Legislator Carol Tytler (D-3rd Ward) will chair the committee, Brown said. Tytler will be joined by former ad hoc committee members John Daniels (D-Cortlandville), Dan Tagliente (D-7th Ward), John Steger (R-Preble and Scott), Mike McKee (R-Cincinnatus, Freetown, Taylor and Willet) and Larry Cornell (R-Marathon and Lapeer).
“I think they really did a thorough job gathering information when there were a lot of questions about the acquisition of land on south Main,” Brown said of the basically reformed ad hoc committee.
The only change from the ad hoc committee will be Legislator Tom Williams (R-Homer), who had been added to the ad hoc committee midway through the committee’s work to fill a void left by absent members. He will not be a part of the new committee.
“I think it will help to have one committee look at all of the information and bring specific proposals forward to be looked at by the rest of the Legislature,” Brown said.
Brown said she has received a number of proposals from real estate agents interested in either selling or leasing property to the county and that she would give all of that information to Tytler.
Brown’s expectation was that the committee would focus on the needs for new space for the county jail and for the county motor vehicles office.
The needs of the Mental Health Department, for which the properties on south Main Street had been intended, could be delayed until after a lawsuit regarding the county’s decision to opt out of the deal is resolved.
Tytler said she had not yet scheduled an initial meeting with the new committee, and was not sure what direction the committee would take.


Five area schools see Regents graduation rate drop

Staff Reporter

The public can now access data online on how students at local schools performed during the 2005-06 school year, as well as other data about the schools.
One goal of the information being posted online is constructive conversation among schools and parents about how to improve education for children, according to the state Department of Education.
All of the data have previously been released, with the exception of Regents information, according to state Department of Education spokesman Tom Dunn, and it is the first time the data have been assembled together in one place. English Language Arts test results are being released today by the state.
The information is available at
The Regents data show that all local schools had a rate of students receiving a Regents diploma at or above the state average of 77 percent, though five of nine districts saw drops in their graduation rates from the 2004-05 school year to the 2005-06 school year.
DeRuyter Central Schools saw the biggest drop in its percentage of students receiving a Regents diploma, from 93 percent in 2004-05 to 77 percent in 2005-06.
DeRuyter Superintendent of Schools Bruce Sharpe was not available this morning to comment.
Groton saw the next biggest drop, from 88 percent to 81 percent, followed by Dryden and Marathon by 5 percentage points, and then McGraw by 4 percentage points.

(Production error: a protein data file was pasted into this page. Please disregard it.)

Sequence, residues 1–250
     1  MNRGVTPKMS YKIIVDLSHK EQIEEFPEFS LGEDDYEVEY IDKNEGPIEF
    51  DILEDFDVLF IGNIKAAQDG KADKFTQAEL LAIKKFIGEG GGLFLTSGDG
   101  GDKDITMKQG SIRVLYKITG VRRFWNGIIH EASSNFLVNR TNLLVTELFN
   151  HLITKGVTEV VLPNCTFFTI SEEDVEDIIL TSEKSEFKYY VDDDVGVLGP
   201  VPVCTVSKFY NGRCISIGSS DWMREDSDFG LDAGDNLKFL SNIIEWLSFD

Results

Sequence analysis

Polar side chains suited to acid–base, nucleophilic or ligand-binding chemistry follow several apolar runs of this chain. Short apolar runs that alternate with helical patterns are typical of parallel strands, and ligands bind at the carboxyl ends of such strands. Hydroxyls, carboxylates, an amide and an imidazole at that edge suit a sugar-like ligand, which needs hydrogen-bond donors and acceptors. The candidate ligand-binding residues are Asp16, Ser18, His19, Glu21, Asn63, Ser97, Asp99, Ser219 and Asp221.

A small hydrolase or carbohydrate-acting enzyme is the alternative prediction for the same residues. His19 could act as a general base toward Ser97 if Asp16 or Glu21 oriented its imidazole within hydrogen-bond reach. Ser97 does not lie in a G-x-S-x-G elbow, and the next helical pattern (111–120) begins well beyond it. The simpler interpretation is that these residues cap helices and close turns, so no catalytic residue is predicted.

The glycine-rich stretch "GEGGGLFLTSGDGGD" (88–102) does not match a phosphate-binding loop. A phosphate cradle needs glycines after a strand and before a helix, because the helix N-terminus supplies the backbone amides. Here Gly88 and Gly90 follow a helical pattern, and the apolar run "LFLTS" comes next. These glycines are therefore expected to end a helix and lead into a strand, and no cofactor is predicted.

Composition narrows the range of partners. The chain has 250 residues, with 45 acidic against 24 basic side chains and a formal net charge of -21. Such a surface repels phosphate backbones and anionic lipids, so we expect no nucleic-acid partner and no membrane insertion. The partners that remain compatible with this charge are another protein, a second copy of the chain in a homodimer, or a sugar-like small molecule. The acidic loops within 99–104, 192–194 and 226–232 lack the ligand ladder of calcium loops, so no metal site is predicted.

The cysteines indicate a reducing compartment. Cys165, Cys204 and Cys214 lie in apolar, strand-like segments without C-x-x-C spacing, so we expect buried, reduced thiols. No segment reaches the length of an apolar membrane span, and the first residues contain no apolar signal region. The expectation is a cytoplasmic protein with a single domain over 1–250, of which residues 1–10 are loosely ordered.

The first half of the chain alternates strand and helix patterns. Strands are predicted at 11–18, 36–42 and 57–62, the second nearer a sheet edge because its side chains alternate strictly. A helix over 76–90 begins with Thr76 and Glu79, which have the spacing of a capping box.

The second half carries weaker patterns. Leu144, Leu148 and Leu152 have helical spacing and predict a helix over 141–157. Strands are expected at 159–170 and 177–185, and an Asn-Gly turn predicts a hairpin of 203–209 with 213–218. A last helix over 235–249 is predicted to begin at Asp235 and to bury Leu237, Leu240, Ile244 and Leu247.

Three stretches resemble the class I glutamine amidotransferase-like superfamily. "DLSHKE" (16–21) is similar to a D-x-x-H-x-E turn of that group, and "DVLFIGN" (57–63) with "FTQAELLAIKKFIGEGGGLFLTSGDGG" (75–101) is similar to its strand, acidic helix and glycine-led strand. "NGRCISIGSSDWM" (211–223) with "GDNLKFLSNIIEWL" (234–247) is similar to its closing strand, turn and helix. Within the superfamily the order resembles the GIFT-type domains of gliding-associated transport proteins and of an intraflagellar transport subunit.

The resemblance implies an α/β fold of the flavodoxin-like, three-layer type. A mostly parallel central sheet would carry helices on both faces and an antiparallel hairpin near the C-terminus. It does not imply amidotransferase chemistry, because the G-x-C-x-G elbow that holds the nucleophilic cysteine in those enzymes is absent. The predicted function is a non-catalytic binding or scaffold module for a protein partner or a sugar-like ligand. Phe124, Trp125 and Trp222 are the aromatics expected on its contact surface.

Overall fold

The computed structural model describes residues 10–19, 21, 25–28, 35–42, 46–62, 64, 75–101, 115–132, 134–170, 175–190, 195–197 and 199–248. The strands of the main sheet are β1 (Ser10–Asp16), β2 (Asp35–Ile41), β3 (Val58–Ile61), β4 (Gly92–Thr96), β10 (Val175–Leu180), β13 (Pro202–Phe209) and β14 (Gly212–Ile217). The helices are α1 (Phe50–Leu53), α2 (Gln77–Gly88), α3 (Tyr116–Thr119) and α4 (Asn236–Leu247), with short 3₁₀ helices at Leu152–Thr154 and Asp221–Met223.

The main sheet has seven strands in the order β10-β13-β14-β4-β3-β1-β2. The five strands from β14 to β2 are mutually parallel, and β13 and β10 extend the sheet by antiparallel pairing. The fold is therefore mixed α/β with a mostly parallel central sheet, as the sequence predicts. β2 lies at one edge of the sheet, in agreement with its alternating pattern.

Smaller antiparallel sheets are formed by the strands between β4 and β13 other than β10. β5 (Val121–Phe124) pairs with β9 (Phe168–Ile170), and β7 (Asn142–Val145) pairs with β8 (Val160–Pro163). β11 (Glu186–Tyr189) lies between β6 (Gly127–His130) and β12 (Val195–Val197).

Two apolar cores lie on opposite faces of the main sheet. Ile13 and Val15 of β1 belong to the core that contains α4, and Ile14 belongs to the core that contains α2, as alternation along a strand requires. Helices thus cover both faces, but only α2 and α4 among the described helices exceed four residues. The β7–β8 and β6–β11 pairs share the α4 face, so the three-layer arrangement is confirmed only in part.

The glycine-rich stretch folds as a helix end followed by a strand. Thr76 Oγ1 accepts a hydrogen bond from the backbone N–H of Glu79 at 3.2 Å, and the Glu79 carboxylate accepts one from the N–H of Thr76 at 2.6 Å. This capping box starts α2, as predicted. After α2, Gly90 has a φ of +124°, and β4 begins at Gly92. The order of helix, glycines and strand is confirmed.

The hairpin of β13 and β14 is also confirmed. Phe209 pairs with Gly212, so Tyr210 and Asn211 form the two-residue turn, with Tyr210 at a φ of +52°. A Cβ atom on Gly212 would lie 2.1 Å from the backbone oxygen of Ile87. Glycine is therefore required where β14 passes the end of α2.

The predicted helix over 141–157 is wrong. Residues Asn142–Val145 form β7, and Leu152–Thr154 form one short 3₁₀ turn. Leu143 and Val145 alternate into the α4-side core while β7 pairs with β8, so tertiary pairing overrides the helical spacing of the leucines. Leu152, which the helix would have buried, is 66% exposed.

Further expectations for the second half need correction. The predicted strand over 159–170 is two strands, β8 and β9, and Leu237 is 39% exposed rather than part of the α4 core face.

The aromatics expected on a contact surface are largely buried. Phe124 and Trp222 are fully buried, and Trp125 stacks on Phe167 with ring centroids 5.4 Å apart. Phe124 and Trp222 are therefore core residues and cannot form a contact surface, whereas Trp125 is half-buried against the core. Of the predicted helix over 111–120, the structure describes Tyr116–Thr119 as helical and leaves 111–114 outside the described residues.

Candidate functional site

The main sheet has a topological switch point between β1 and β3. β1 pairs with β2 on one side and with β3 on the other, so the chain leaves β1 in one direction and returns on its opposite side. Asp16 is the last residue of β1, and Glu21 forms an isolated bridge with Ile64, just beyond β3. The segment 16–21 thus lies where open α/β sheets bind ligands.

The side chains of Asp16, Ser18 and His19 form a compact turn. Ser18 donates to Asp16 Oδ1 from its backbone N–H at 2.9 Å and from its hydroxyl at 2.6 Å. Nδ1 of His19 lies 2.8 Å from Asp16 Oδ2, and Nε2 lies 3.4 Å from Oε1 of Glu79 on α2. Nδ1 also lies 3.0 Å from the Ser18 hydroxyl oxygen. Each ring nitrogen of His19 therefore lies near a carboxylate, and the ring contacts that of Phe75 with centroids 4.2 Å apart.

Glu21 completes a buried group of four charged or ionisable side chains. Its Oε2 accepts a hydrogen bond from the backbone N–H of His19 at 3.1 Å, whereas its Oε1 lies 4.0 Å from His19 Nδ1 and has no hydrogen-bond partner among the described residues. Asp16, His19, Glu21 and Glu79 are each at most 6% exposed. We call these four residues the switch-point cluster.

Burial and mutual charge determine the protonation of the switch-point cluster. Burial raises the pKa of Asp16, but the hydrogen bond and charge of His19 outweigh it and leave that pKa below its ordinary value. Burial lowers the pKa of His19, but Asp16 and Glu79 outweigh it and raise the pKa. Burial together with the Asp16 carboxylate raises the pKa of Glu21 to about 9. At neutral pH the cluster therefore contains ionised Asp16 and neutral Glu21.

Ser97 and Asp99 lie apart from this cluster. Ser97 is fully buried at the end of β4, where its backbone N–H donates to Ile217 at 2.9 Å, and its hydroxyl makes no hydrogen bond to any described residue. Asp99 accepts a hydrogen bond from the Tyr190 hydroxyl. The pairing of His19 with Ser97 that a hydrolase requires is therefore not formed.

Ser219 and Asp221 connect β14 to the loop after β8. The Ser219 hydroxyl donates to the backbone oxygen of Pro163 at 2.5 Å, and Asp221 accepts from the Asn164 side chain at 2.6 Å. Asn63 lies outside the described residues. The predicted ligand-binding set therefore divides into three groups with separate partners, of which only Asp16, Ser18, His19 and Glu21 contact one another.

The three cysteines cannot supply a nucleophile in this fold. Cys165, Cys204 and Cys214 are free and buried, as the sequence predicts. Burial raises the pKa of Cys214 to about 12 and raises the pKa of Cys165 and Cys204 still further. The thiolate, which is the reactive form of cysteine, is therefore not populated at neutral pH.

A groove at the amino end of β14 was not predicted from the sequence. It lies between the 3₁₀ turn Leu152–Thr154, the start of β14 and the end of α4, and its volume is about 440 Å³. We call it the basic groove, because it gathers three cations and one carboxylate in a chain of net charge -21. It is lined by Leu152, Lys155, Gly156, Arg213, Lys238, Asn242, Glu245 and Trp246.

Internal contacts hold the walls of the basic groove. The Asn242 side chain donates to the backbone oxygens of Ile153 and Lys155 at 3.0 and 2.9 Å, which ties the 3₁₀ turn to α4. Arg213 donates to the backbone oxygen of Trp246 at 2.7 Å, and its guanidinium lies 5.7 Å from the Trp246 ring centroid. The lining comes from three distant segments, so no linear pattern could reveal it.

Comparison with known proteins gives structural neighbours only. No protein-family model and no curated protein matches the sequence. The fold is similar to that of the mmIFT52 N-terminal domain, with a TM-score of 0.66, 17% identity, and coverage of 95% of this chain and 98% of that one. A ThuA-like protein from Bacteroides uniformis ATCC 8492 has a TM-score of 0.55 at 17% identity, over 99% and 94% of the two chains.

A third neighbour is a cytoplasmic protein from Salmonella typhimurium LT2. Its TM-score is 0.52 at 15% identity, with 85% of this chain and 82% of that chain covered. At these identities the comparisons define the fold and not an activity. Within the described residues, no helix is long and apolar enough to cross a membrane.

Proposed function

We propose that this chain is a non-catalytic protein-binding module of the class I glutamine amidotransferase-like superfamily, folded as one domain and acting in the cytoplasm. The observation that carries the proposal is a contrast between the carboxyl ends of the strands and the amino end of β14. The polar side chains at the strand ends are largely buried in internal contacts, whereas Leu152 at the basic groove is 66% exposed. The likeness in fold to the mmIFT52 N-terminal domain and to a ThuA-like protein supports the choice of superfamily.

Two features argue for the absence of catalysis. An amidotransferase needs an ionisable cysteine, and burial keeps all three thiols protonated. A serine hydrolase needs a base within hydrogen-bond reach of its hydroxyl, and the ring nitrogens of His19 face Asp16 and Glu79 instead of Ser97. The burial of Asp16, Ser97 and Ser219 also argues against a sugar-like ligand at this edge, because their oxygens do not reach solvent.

Mark Crawford, superintendent of schools for the Dryden school district, said he is disappointed the district saw a drop in its percentage of students obtaining a Regents diploma and is today meeting with the high school principal and assistant principal to talk about what can be done to boost the rate.
“We’re just about to sit down and have a conversation about the way to continue to strengthen our connection to students, and make them feel as important and significant and well known by staff as we can,” he said.
Crawford did point out, however, that the 81 percent figure doesn’t include students who graduate with Regents diploma from the school in August or in five years.
With Marathon’s percentage of students graduating with a Regents diploma dropping from 90 percent in 2004-05 to 85 percent in 2005-06, Marathon went from being the school with the highest percentage of students graduating with a Regents diploma to the school with the third highest graduation rate in the area.
Cortland and Homer school districts were the two districts with better percentages — 86 and 88 percent, respectively. Cortland’s was a 3 percent increase over 2004-05 while Homer’s was a 4 percent increase over 2004-05.
Homer Superintendent of Schools Doug Larison said while he’s happy with the percent increase from 2004-05 to the next year, he still thinks 88 percent is too low for the district.
Before the state decided to “raise the bar” by requiring all students, with the exception of special education students, to graduate with a Regents diploma, more than 90 percent of students regularly graduated.
He said he would like to get the percentage of students graduating back over 90 percent with the new Regents requirement.
“We were always looking at our students being 90 percent successful,” he said.
Moravia saw its biggest increase in the percentage of students graduating with a Regents diploma from 2004-05 to the next year, with 74 percent graduating with a Regents diploma the first year and 85 percent the second year.
Moravia Superintendent of Schools William Tammaro was not available this morning to comment.
Cincinnatus saw neither an increase nor a decrease, with 83 percent of students obtaining Regents diplomas both in the 2004-05 and 2005-06 school years.